My name is Zach Chen. Fun fact about myself, in high school, I was voted “Most Shy” for my class of +800 students. Not that I was actually shy. I was just really, really quiet (i.e., sometimes I literally wouldn’t say a word for days). Having missed the opportunity to learn how to converse with people all through middle and high school, once I got to college, I didn’t have any conversational ability. I remember the first people that I met coming to Lighthouse were Kenny Tsuruda, Patti Tsuruda, and Bill Hirokawa. I remember because I appreciated that they were so warm and inviting and unfazed by my silence. I thought, “Even though all of the socializing makes me uncomfortable, this is how a church should be: welcoming regardless of anything.”
Fast forward 1 year, and I was thinking about leaving Lighthouse because it was hard to find community or ways to serve as an anti-social college student. Both community and an opportunity to serve came from a special needs ministry that was just starting to develop.
During first year of serving, I found that I looked forward to every “Good morning” high five and all the little interactions. There was no fear of being judged. It was just community that I never would have thought would ease me out of my shell.
Finding community as you find a place to serve should be a given at church, but in all honesty, I had thought that a non-verbal kid with autism had nothing to offer me. I had thought that I would just be the one giving. But that was wrong. God broke down the mental walls and pride that kept me from this unique fellowship.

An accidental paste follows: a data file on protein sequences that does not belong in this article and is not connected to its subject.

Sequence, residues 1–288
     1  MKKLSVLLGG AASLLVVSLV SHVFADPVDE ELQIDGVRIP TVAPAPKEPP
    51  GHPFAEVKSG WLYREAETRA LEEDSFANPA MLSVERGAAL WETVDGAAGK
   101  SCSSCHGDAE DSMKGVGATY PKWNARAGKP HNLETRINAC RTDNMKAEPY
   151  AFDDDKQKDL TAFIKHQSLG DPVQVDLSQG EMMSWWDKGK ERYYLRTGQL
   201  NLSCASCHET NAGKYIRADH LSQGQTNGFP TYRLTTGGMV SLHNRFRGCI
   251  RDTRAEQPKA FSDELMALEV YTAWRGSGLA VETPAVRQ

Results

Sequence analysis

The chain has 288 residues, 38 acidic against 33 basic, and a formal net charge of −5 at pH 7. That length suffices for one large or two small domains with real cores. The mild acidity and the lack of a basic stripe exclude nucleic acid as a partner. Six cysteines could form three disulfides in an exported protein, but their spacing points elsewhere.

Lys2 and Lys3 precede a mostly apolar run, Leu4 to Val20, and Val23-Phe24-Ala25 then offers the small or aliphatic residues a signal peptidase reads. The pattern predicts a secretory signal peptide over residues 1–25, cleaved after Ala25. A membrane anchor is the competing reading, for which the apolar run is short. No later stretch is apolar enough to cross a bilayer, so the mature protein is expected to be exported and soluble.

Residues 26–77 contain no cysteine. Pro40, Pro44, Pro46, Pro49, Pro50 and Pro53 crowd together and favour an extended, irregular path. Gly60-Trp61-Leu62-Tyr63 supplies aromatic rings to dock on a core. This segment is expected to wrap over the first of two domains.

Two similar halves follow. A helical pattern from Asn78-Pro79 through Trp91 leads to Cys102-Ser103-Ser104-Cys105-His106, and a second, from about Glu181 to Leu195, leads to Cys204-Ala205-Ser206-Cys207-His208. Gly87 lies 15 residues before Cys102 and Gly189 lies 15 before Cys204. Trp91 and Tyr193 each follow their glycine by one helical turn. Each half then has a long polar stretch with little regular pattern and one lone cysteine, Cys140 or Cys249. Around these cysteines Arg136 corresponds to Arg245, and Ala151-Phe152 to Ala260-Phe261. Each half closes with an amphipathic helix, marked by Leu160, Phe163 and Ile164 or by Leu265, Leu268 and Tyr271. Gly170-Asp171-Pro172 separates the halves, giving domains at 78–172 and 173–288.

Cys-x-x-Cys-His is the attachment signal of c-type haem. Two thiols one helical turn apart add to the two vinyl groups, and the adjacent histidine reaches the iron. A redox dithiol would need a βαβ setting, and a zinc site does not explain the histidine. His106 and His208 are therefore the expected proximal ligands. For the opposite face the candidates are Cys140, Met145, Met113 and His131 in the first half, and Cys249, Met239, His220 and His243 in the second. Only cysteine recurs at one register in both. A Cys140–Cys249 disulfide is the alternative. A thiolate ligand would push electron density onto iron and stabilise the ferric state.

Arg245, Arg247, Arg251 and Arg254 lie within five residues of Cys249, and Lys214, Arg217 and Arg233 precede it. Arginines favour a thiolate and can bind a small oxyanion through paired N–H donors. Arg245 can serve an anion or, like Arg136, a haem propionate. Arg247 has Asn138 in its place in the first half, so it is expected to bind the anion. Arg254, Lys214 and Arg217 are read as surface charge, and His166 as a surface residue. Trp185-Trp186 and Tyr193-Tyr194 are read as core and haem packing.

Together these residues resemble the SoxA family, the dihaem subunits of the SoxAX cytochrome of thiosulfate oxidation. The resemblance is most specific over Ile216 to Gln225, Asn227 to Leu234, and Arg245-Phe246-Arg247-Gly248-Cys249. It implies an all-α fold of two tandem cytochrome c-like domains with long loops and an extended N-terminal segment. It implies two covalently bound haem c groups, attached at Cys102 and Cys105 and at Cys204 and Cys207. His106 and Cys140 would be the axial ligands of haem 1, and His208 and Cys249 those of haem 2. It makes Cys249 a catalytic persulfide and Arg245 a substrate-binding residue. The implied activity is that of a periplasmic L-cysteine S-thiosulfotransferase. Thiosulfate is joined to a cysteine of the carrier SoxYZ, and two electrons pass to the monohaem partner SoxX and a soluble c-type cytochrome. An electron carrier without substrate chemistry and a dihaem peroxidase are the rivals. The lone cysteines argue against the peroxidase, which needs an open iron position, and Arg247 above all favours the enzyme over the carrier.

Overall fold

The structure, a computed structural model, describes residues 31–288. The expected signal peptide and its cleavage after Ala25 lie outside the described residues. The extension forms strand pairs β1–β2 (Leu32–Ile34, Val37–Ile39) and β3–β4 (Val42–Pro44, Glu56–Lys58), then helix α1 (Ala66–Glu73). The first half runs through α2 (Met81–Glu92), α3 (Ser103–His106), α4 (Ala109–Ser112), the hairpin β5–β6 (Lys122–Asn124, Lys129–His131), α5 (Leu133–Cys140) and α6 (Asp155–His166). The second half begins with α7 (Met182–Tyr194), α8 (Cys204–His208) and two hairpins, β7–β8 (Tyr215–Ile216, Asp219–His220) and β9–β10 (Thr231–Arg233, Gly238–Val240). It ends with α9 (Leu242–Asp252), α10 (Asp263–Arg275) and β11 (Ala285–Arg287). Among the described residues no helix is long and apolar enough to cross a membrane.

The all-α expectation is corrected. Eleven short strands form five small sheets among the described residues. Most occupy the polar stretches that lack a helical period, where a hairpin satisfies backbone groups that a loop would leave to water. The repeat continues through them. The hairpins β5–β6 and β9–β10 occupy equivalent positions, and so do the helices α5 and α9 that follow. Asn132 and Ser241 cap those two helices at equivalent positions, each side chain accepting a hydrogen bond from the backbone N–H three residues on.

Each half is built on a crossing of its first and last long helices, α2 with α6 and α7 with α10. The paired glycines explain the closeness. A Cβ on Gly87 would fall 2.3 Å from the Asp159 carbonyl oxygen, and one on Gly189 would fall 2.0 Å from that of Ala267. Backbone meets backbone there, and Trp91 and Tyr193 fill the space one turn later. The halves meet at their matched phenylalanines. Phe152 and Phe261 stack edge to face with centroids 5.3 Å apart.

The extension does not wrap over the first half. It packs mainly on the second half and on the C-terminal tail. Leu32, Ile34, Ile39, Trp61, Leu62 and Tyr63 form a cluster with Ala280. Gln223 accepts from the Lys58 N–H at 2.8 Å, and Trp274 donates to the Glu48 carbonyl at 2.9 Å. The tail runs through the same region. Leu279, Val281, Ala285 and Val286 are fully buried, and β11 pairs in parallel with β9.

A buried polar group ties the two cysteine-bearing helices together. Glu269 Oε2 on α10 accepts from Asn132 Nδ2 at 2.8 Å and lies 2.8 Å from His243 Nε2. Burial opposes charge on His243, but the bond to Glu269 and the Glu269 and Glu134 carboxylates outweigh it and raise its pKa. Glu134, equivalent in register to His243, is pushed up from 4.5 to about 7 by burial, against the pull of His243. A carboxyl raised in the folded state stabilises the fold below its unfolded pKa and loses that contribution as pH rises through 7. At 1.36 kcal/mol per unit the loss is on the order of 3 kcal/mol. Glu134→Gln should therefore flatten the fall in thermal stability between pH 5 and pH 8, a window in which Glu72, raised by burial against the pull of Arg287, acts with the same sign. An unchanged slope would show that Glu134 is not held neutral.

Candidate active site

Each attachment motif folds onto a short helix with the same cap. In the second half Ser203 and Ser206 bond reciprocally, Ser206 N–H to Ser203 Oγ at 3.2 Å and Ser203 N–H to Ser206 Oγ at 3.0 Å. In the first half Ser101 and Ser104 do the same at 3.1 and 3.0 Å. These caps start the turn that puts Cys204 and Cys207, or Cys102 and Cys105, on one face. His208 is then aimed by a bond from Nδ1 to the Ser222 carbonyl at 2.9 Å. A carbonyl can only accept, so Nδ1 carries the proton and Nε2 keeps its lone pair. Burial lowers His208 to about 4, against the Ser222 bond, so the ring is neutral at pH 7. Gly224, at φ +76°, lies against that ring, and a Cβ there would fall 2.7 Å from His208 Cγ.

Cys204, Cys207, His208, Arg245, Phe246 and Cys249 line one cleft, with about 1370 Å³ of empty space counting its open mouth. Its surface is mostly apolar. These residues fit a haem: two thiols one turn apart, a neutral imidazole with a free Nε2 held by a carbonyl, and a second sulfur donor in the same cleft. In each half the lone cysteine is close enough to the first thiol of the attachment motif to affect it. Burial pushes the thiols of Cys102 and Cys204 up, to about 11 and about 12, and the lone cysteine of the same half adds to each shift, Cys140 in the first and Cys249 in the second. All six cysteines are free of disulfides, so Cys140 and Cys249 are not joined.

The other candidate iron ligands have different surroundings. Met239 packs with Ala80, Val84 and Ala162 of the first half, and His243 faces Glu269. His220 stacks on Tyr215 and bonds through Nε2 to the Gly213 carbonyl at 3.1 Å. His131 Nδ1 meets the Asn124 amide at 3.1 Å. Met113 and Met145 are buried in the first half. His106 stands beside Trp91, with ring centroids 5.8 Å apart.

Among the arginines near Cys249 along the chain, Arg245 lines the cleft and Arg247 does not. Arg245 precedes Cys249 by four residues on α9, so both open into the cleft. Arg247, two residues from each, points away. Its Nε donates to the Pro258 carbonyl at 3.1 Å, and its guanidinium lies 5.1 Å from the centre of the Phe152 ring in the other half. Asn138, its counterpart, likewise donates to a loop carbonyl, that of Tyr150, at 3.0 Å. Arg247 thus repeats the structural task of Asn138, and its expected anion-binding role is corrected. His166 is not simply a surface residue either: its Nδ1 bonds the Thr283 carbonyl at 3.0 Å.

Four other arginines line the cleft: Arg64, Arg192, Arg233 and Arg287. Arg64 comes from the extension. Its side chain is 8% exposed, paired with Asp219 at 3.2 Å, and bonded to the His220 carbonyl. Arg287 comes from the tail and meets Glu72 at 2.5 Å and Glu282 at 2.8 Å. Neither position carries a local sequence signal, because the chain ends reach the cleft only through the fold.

During this year of quarantine, I’ve been marinating in my introversion and anti-social tendencies. But every now and then, I would hear a random “WHUYAH” in the background on Zoom or a virtual D&D session and miss my Bridge community.
Coming back to in-person Lighthouse, I had to relearn how to be in community and fellowship. I will admit that I flinched and tensed up the first time someone approached me to talk to me on my first week back. But as Bridge Ministry started back up, it felt like a typical Sunday of “Good morning” high fives and many requests for “white car.” Socializing is still a work in progress, but God and the Bridge families have been gracious in being a part of it all.